Robin MacColl had some trouble describing what it was like to shed her modern trappings in order to bring to life her post-Revolutionary War history lesson.
"You have time to play and stuff, but it's sort of like work," said MacColl, a sixth-grader at Bryn Mawr, a Baltimore private school.
Living like homesteaders in the late 18th century, as MacColl and about 60 of her classmates are doing this week on a Harford County farm, looks a lot like both.
Educators call it an "immersion experience," in which students put themselves in the shoes of those they are studying.
Far from the distant excitement of a shopping mall, the hollow where the students have cooked stew over a fire and frolicked in the shallow waters of Bynum Run appears a seriously cozy place to be.
"It smells good out here," said Katie J. Christensen, 11.
Overhead, the local squadron of Canada geese honked by repeatedly.
The students, who donned linen skirts, shifts and bonnets for the experience, agreed that their outdoor history lesson had it all over books and indoor classrooms.
But would they want to live like that all the time? "Noooo," they chimed back.
The week-long excursion was started five years ago by the private girls' school in north Baltimore.
"There's something very valuable in education not learned by traditional ways, but by actual experiences," said Susanna Stern, a 28-year-old history teacher at Bryn Mawr, which has about 800 students.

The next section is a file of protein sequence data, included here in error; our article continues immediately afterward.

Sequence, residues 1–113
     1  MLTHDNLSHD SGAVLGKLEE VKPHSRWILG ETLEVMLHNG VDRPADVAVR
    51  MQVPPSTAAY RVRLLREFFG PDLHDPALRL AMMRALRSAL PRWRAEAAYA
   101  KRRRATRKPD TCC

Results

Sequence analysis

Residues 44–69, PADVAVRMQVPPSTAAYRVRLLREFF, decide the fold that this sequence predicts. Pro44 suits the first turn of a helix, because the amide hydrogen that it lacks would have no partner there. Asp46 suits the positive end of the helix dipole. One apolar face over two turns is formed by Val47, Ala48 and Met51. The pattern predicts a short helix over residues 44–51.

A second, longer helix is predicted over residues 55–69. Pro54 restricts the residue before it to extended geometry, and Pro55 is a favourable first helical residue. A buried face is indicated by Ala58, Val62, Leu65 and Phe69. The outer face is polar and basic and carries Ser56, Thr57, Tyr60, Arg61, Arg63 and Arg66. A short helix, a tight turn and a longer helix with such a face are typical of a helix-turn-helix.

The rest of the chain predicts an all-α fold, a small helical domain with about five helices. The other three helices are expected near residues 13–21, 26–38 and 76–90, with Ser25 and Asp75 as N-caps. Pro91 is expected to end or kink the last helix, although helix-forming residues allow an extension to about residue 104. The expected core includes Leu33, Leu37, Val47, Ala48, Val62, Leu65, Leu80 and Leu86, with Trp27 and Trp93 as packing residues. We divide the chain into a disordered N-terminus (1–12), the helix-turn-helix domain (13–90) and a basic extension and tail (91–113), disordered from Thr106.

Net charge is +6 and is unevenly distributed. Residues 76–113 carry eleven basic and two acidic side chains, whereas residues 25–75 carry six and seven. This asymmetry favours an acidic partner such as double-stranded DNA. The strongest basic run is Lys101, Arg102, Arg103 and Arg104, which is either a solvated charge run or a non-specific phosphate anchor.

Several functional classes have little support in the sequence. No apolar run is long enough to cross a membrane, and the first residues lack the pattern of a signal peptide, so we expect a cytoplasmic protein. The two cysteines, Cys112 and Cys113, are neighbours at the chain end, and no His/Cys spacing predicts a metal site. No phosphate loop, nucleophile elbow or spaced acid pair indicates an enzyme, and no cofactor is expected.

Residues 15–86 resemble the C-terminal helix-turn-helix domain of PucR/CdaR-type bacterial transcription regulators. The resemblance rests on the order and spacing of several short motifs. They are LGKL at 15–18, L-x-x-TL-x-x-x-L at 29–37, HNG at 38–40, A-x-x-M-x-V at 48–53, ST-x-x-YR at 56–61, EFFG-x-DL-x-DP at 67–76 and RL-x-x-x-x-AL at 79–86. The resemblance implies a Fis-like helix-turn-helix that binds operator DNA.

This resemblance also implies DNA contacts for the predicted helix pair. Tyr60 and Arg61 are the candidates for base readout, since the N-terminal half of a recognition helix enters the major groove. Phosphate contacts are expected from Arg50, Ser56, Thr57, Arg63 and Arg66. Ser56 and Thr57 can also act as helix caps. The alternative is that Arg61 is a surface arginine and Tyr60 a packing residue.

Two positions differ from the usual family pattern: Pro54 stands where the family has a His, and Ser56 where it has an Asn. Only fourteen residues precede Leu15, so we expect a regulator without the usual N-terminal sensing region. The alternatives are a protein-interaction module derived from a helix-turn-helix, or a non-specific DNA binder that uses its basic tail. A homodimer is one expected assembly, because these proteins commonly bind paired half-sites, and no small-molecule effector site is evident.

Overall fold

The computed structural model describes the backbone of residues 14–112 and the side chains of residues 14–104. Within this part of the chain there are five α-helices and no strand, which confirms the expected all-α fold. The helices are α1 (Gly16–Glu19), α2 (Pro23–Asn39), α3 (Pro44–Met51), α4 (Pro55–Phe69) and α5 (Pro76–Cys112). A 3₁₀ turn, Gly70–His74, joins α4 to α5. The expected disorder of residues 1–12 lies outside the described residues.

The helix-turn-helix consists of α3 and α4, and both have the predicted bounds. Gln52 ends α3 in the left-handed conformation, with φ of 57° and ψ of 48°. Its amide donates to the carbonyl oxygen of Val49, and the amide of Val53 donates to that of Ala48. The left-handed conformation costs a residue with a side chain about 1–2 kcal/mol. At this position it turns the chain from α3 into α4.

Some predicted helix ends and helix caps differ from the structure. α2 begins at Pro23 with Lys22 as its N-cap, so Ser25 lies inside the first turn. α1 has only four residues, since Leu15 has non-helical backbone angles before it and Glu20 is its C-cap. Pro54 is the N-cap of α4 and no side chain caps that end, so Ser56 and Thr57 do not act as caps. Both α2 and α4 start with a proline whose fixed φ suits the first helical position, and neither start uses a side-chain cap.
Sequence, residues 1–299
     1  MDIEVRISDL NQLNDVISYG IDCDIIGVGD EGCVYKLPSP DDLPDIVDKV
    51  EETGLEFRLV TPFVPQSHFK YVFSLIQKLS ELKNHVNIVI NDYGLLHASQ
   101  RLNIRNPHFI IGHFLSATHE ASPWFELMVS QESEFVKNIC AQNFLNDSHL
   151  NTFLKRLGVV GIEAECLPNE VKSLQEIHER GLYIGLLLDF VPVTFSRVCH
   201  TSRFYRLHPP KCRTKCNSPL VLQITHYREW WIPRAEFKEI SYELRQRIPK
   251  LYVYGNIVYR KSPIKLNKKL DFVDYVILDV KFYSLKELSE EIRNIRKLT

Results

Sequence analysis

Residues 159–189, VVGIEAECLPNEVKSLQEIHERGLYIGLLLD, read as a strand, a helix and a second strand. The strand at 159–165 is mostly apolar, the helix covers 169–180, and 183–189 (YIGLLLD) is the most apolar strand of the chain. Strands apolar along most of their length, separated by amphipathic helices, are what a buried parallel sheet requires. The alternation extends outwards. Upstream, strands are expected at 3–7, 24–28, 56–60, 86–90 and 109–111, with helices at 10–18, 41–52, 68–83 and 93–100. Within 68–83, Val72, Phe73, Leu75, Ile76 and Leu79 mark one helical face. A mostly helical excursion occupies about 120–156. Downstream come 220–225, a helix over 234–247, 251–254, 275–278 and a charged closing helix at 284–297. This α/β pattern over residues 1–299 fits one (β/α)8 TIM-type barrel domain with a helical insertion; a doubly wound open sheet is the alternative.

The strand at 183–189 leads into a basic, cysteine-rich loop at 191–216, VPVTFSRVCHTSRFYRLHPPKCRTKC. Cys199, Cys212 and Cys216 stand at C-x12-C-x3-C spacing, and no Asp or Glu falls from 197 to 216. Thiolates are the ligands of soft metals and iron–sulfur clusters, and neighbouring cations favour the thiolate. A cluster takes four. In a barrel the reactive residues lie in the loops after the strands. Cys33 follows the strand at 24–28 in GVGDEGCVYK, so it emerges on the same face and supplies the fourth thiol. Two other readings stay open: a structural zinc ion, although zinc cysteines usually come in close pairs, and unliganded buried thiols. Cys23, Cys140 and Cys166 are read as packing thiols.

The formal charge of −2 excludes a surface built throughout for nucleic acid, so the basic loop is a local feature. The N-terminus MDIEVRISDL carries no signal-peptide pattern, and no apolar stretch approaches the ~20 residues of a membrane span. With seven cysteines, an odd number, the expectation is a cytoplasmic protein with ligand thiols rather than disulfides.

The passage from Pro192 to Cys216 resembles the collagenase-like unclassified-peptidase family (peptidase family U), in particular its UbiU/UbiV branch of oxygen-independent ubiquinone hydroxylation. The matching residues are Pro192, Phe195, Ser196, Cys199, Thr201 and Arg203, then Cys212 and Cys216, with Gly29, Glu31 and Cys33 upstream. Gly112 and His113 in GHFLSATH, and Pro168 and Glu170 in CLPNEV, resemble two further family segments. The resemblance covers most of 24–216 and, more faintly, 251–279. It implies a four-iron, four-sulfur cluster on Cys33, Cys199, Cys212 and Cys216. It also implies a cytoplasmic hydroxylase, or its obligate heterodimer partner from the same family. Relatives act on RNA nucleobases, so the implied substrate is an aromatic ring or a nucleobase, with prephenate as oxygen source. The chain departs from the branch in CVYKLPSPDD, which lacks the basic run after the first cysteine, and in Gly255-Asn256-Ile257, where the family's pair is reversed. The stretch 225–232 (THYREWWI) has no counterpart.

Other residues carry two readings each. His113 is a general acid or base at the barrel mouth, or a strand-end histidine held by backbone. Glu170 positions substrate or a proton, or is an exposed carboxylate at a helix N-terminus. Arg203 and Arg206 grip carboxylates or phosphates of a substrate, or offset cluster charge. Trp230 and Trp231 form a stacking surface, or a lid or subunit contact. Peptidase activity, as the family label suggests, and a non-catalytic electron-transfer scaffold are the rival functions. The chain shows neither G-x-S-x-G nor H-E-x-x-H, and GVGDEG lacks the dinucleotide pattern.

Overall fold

"I think things like this create a real bonding among the kids," said Bill Christensen, a parent who donned 18th-century garb and spent a night in the woods with Katie, his daughter.
Almost apologetically, Christensen, an advertising executive, revealed that he had stashed a portable telephone in his tent.
In the wooded hollow, the students have been spending their days wading in the chilly waters of Bynum Run, making dolls of corn husks and sitting around the cooking fire. They have been doing their own dishes and even learned how to chop firewood.
The activity has been almost nonstop. "They've all been staying occupied. It's amazing," Christensen said.
At night, they sleep on straw floors in tents. Modern sleeping bags keep them warm.
"We try to make it as realistic as possible," said Bill Nelson, 36, a science teacher at the school who was helping supervise the students.
"We're making men out of them," he joked.
Yes, going to the bathroom outside can be rough. And, yes, everything seems to be wet and dirty.
But that is a small price to pay for what the students said would be a memorable form of schooling.
"We all take for granted the things we have," said Yasmin Zerhouni, another student. "We don't really need them."